- Having central timestamp servers. When a computer receives a payment it reads the timestamp and adds it to the payment. Now we know which one was received first.
- Locking every known computer whilst any update takes place.
These approaches are all valid, but in the case of our distributed ledger none of them will work well. In Bitcoin we don’t want central known and trusted computers, we want a network of anonymous peer computers any of which can handle any payment. We want this both for ideological reasons and because we want a resilient peer-to-peer network. Ideally we want to be able to turn any computer off and the network will carry on working, which is what happens in most peer-to-peer networks. That isn’t going to happen if specific computers have specific tasks, or we’re trying to lock them all for an update.
Bitcoin’s Crazy Solution
So how does Bitcoin handle this? We are now entering the crazy genius part of this discussion.
Multiple Versions of the Book
The answer is that Bitcoin allows both the conflicting ‘double spend’ payments to be processed on the two different computers. It allows the resulting state from both computers to then be copied to all the other computers.
That is, there can be one version of the ledger with the first payment from the first computer, and simultaneously a second version of the ledger with the second conflicting payment from the second computer. Any individual computer in the network may well have been sent both of these versions of the ledger, which conflict with each other.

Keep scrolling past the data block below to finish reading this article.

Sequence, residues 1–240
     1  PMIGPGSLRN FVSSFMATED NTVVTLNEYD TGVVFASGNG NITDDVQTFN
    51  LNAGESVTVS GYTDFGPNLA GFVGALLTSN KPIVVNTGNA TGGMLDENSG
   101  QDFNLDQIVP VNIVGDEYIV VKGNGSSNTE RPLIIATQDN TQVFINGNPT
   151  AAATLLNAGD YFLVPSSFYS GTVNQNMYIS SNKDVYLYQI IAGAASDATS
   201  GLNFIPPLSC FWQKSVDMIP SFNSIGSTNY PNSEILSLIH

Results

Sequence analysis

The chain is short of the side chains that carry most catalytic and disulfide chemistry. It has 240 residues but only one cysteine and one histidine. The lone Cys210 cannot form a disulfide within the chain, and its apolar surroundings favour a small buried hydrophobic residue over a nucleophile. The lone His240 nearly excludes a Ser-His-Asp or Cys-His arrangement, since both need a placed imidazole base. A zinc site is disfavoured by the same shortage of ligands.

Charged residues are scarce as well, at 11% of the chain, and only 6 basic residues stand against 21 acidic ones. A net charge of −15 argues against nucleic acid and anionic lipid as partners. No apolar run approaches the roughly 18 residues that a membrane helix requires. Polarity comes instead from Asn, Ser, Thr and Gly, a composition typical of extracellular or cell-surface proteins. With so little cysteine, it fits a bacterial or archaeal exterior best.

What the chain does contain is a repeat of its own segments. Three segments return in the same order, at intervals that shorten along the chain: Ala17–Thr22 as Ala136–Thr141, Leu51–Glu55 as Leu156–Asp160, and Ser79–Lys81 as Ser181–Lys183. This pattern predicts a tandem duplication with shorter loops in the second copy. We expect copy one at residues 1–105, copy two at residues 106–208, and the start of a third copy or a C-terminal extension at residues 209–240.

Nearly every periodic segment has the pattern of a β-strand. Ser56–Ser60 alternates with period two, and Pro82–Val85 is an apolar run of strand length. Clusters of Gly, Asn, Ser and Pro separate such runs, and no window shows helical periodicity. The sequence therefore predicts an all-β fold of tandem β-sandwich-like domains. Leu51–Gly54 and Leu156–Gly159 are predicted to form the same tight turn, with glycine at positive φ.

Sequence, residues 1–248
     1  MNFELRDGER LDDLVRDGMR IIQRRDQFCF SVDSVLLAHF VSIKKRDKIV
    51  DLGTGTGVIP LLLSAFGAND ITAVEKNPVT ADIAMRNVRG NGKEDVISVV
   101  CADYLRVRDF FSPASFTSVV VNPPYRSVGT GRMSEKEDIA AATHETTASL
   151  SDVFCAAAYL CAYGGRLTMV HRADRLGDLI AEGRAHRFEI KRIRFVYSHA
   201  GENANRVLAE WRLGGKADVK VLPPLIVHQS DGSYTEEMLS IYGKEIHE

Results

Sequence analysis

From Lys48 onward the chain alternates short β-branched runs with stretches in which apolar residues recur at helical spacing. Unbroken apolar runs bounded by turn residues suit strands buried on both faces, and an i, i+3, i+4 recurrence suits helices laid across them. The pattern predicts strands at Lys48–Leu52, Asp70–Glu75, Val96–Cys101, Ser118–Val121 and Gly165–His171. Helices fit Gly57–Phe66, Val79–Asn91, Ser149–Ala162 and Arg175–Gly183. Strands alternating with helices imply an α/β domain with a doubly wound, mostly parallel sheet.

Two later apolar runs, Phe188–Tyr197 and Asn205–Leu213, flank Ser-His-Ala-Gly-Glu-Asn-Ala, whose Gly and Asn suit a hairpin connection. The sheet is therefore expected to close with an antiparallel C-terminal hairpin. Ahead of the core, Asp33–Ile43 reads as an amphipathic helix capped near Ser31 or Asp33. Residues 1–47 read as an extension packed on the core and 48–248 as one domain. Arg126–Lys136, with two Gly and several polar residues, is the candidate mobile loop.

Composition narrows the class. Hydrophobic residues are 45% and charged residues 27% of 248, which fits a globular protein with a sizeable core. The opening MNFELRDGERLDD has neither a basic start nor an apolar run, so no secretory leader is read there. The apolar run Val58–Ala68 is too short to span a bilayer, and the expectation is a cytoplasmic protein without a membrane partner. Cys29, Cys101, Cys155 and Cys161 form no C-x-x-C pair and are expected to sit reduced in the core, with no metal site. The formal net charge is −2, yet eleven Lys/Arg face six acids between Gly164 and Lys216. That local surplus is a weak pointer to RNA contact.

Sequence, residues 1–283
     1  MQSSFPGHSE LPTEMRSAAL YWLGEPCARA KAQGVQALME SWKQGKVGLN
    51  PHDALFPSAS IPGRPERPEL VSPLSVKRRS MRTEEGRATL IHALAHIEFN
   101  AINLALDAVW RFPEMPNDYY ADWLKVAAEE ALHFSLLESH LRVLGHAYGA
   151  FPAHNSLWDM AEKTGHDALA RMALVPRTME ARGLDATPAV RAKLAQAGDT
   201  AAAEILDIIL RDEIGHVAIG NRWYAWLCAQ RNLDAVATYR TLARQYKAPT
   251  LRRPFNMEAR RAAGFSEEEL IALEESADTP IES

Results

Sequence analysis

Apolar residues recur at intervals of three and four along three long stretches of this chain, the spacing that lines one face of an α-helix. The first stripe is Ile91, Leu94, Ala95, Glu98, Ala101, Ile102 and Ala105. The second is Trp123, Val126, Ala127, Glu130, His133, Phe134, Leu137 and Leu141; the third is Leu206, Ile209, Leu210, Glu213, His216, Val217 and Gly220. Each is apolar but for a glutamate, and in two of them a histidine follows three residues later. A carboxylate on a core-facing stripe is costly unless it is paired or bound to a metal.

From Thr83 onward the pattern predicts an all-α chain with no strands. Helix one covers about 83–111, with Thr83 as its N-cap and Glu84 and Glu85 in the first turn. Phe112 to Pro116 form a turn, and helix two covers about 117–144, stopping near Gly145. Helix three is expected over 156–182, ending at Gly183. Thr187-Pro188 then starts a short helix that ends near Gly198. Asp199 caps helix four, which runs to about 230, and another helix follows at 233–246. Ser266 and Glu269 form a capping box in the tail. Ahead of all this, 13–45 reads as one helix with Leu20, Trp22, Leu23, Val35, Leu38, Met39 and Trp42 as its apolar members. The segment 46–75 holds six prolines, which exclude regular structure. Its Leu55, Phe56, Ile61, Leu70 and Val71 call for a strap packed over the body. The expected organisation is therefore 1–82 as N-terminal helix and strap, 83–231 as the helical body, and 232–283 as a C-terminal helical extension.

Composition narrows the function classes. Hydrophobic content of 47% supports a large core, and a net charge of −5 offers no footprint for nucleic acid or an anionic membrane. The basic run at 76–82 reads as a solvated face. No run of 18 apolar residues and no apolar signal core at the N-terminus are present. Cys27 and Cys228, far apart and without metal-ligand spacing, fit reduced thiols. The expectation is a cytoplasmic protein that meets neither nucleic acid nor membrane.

Of course to do this means we need an efficient way of storing versions of the ledger where most of the historic data is the same but after a certain point the versions contain different payments.
Now we see one of the reasons why the blockchain is useful as it facilitates this. In our example one payment processor has produced a block of processed payments. A second payment processor has produced another block that conflicts with it. Both of these blocks follow on from a valid block in the chain. So all we need to store both versions of the ledger is the two blocks and the blocks in the chain up to that point. Because we have no balance or other information this can be done reasonably efficiently.
Which Book Is The Right Book?
We have allowed multiple versions of the ledger to exist. We need a rule to decide which version is the current valid ledger. We do this simply by saying that the current valid version of the ledger is the one that has the most payment processing. We can determine which this is by just counting the number of blocks of payments that are included in the ledger. This number is called the ‘block height’.
Note that even with this rule it’s perfectly possible to have two different ledgers with the same block height in existence at any given time, and hence not be able to determine which the final valid ledger is.
How This Works in Practice
In our example above where there are just two double spend payments that have led to two conflicting versions of the ledger then initially both versions will have had the same amount of payment processing. They are the same until one final block of payments is added. The final blocks conflict.
Each payment-processing computer can now decide to add new payments to either version of the ledger (it may only see one), or both. Remember that the payment processors get paid if they add payments to the ledger, but they only get paid if they contribute to the eventual valid version of the ledger. So they are incentivized to pick the correct version if they can identify it.